Very few women in the 20th century has done as much as Mary White Ovington in bringing about racial equality. Inspired largely by her Unitarian faith, she dedicated her life to the cause of social justice for black people. She was born a few days before the assassination of Abraham Lincoln and died after the second world war-meaning that she never saw the legal dismantling of separate but equal as a legal doctrine. However, if not for her work as a founding member of the National Association for the Advancement of Colored People, that goal would not have been achieved until much later in the history of the republic.
Inspired by an article written by journalist William English Walling describing a race riot in Lincoln’s hometown Springfield, Illinois, she answered his call to revive the spirit of the abolitionist by creating an organization to protect the negro (this was the common term to describe black people until about 1970). After starting a correspondence with Walling she gathered a group of journalist, educators, and philosophers in her apartment to form the NAACP in 1909. The NAACP started out advocating for causes that directly affected black people such as anti-lynching laws, voting rights, income parity, and an overall integration of blacks into American society.
The early years of the NAACP was formed by a multiracial coalition, which was quite unusual at that time. Before creating the NAACP, she lived in and studied areas that were predominately black, and witnessed first had the discrimination they experienced, while facing some discrimination of her own for associating for black people. She was a tireless advocate for the organization serving various roles such as executive secretary, acting chairman, chairman of the board, treasurer, and directed several branches. In addition to her management roles she was the chief marketing expert who operated fund-raisers and ran publicity campaigns. Her public relations efforts involved creating a magazine, The Crisis, and writing several books on race relations. These volunteer efforts expanded the presence of the organization to the point it needed trained and paid staff.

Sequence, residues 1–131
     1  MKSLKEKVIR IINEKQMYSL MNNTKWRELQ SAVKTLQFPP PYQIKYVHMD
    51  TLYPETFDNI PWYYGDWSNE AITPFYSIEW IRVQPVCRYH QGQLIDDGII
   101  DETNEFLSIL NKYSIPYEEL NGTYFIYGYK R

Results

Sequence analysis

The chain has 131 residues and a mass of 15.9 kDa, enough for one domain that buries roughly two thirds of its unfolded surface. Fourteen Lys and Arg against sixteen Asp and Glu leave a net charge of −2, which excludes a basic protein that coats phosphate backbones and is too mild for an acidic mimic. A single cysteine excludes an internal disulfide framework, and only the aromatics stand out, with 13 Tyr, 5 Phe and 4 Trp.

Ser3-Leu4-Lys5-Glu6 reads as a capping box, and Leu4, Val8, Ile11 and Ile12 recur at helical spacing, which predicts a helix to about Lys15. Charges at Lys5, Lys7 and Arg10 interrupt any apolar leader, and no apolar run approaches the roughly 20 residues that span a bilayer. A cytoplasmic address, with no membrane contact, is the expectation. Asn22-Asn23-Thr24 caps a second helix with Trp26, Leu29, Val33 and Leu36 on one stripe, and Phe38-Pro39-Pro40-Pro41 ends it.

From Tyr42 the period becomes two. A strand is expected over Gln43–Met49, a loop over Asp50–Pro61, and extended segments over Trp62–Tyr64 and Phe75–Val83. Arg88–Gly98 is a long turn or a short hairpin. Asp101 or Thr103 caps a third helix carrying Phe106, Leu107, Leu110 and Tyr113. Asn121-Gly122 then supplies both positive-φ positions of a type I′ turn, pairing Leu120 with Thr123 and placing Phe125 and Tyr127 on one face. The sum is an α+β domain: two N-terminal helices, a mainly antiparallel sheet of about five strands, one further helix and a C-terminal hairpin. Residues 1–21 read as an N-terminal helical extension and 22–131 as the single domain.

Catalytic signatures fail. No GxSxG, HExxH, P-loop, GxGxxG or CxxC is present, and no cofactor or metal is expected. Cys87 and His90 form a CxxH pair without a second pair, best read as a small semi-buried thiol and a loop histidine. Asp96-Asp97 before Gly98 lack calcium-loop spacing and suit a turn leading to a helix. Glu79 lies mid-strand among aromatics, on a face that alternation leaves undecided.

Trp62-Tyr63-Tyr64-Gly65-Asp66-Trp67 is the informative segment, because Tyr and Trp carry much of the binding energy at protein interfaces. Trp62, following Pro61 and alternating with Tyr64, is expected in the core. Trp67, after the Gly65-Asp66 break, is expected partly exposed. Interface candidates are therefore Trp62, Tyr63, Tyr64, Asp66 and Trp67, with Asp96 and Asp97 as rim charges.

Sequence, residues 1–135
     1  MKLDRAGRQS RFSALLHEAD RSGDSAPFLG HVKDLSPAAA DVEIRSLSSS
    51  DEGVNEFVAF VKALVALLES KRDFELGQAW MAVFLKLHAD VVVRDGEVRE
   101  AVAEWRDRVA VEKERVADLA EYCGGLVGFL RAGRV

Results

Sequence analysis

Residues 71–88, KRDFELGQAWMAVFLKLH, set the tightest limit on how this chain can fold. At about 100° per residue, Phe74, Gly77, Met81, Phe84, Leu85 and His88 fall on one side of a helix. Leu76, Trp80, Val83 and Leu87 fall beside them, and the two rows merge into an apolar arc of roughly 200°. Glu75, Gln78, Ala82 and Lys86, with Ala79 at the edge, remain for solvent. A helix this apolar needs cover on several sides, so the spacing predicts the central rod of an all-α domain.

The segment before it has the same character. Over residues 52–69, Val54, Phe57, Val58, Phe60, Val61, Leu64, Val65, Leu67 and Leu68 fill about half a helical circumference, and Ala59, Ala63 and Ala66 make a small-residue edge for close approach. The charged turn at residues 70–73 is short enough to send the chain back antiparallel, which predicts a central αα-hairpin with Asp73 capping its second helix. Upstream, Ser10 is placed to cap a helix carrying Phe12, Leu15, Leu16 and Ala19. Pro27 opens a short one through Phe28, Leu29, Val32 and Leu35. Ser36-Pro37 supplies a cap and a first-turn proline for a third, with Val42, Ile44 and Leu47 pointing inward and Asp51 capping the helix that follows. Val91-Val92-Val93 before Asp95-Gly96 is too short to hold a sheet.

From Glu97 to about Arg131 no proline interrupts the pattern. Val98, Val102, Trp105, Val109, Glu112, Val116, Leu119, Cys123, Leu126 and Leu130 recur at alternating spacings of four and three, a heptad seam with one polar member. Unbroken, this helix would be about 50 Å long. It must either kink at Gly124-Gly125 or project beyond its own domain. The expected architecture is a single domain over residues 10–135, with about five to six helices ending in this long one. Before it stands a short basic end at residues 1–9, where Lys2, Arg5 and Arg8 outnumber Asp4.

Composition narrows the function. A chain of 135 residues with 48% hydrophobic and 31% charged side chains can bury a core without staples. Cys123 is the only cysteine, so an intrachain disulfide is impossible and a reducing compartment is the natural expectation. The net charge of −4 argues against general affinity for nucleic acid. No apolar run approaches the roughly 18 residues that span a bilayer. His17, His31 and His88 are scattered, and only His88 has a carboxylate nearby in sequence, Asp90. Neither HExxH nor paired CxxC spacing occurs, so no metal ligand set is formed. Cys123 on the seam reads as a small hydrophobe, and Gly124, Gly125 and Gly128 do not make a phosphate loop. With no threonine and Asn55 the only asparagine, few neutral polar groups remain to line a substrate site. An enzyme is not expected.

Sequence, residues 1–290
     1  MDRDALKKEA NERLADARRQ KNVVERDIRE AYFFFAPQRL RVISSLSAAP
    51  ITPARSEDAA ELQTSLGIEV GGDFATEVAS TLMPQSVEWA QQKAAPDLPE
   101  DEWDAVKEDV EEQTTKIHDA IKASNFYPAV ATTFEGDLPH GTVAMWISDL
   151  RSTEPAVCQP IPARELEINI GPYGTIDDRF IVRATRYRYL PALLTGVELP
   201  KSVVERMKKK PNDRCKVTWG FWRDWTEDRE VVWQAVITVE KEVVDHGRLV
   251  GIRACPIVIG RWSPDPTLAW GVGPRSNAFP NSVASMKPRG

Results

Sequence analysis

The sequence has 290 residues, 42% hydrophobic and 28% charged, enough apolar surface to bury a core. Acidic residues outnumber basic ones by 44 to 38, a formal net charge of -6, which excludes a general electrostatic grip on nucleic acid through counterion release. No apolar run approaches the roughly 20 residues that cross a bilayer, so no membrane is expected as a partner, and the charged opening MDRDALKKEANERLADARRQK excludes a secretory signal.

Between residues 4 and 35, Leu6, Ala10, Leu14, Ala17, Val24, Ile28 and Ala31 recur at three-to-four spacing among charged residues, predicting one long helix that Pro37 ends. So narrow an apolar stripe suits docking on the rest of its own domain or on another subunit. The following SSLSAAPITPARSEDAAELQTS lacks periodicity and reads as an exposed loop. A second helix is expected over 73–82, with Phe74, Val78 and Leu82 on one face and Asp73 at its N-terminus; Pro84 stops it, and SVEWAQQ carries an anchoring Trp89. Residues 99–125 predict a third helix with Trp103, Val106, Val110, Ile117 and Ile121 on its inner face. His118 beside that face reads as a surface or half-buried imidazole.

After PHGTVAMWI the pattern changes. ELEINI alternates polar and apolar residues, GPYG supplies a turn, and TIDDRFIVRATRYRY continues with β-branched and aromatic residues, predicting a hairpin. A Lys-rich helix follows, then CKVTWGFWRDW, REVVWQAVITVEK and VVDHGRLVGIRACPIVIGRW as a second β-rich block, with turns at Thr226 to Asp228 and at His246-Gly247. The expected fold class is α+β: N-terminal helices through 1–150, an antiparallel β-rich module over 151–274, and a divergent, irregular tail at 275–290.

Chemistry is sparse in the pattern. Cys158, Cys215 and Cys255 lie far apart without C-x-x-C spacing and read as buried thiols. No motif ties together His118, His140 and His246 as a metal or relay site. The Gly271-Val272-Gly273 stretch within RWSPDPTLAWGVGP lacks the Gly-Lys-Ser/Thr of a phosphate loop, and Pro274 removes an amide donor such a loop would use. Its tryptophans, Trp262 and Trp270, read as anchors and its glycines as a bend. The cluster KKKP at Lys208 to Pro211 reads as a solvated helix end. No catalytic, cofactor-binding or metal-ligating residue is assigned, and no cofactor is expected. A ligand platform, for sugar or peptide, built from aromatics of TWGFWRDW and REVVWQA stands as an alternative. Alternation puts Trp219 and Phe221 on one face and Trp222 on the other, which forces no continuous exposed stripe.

The NAACP took an integrationist and legal approach to gain equality for black people. The integrationist approach stressed social and political equality for black people, as opposed to the more accommodationist approach advocated by Booker T. Washington. In order to achieve these goals, the NAACP sought to win battles in not only in the court of public opinion, but winning legal battles. Their efforts were largely successful, but in order for laws to be implemented-they have to have public support, otherwise the legal decrees are meaningless. Considering the fact that the organization is still going strong today is a testament to her efforts that began over 100 years ago. The bravery and risk taking of her actions is something organizations like Making It to The Finish Line promote in order to make a better community. A more full length biography of Mary Ovington can be found at www.naacp.org and www.uudb.org.